One other matter that has also been of discussion recently is our salary survey. It is run annually (well almost annually) by a reputable organisation that has been doing this for many years, it provides comparative data year upon year and we never claimed to be statistically significant. It has always been meant to be a snap shot of the profession. We do certainly need to get more people completing it. But from a purely personal point of view I would not want to provide my salary details to one individual just because she asked. I would much rather trust that data to an organisation that has some degree of structure and where there is some come back if the data is miss used.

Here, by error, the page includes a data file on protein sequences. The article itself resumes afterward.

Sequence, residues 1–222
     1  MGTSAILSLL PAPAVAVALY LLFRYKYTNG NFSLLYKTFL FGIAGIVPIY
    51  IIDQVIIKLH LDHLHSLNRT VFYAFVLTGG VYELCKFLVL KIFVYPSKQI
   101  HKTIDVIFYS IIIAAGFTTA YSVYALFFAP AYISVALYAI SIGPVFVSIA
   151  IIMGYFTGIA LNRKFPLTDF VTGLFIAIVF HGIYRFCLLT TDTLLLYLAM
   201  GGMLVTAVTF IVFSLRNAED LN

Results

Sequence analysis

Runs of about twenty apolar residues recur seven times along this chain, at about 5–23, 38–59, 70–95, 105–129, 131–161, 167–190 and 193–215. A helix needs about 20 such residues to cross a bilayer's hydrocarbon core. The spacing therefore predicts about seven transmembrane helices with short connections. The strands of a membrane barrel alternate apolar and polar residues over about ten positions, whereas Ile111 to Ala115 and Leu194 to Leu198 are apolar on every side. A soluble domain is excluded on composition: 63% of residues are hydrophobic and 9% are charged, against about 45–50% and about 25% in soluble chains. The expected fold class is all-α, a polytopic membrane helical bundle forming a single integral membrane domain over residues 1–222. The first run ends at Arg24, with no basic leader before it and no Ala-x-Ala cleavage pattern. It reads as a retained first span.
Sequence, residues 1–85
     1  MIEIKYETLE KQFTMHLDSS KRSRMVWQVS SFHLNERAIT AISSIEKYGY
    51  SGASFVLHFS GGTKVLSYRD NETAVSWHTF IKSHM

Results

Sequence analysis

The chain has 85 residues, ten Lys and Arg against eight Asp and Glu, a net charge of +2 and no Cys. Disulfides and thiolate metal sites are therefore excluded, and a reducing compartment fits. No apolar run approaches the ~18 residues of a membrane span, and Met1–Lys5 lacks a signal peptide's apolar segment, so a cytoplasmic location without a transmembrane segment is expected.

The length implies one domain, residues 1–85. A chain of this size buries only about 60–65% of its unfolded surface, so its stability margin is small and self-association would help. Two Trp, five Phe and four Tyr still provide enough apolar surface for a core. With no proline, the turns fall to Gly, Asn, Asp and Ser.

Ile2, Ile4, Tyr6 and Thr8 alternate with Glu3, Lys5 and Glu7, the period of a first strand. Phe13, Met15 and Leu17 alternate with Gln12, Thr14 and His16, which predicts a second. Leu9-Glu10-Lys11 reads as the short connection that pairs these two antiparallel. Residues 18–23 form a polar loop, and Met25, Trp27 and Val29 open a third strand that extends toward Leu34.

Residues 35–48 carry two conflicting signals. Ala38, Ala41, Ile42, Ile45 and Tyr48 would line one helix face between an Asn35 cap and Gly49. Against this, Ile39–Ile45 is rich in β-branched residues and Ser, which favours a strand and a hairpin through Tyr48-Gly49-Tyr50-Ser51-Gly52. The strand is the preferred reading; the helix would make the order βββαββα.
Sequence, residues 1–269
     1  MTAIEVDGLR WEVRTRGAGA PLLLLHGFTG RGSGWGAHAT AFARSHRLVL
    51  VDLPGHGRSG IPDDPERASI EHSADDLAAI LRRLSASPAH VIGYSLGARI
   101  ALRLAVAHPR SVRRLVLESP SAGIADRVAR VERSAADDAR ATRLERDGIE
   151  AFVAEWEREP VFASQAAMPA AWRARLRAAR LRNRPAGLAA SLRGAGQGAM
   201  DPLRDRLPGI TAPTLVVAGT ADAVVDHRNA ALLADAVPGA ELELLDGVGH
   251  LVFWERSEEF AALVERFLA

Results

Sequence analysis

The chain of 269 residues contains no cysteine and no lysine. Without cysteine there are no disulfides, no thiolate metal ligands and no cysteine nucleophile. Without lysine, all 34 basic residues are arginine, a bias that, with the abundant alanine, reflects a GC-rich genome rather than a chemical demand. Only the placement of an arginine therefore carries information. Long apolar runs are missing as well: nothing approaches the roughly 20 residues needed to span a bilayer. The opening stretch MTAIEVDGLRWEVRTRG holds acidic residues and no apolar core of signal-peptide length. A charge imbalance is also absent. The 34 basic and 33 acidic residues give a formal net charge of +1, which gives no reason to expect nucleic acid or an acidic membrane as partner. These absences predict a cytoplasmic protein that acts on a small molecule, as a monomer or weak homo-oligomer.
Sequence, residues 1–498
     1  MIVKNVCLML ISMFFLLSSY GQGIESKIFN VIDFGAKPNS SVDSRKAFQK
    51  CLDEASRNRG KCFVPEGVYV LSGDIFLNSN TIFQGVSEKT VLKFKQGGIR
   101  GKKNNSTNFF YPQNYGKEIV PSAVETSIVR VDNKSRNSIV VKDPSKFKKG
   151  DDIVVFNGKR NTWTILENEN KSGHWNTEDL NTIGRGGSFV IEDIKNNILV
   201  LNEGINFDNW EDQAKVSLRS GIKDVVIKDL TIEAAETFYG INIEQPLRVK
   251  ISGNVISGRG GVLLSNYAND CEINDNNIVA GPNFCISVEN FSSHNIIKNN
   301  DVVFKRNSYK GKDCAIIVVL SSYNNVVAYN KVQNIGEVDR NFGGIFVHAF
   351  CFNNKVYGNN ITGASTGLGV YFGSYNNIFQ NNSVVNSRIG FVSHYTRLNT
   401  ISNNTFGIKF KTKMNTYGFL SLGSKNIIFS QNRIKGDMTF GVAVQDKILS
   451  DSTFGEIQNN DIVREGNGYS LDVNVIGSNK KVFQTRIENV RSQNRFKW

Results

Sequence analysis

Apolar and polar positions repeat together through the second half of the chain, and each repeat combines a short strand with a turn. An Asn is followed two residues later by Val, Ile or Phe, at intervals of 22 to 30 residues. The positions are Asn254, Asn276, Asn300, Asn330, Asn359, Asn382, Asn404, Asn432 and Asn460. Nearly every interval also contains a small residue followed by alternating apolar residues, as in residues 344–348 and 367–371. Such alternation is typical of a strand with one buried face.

Leisa, as people like yourself have such a strong voice in certain parts of the digital world, it would be great to work with you to gather information on things like the salary survey. The UK UPA offers an independent, consistent and secure survey that has run for many many years and we would like this to be the best it can be and cover a wide variety of people. How about next year you help us tap into your community so we can get a larger sample and also ensure that it is endorsed by an organisation rather than just an individual?

    Yes – currently the UK UPA is part of a global UPA machine.